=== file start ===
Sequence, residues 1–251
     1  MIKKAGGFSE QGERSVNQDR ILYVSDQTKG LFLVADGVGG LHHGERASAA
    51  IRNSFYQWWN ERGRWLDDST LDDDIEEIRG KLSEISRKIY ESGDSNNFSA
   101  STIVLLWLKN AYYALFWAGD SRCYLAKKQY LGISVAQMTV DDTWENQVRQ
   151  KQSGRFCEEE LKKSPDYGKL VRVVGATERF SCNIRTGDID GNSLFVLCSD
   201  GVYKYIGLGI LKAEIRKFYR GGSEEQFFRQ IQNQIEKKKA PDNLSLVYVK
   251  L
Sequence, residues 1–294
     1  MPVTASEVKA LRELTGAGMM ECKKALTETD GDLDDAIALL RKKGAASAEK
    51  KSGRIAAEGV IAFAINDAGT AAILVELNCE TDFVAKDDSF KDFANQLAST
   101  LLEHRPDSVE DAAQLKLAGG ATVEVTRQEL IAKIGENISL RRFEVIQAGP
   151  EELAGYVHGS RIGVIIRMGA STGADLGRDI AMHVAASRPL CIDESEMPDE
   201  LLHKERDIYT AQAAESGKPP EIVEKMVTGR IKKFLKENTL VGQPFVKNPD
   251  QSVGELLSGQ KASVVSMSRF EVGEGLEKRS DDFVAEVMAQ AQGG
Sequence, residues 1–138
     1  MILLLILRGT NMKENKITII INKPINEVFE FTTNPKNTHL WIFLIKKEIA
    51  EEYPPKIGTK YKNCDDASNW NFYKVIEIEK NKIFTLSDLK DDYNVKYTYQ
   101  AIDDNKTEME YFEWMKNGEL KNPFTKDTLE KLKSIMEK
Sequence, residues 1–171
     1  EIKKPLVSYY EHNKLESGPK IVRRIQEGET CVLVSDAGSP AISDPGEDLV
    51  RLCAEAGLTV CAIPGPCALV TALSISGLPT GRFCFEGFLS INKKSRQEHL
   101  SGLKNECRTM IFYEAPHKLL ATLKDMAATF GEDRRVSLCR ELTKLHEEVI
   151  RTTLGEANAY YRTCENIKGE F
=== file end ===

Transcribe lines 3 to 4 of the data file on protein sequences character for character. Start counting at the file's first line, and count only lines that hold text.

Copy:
    51  IRNSFYQWWN ERGRWLDDST LDDDIEEIRG KLSEISRKIY ESGDSNNFSA
   101  STIVLLWLKN AYYALFWAGD SRCYLAKKQY LGISVAQMTV DDTWENQVRQ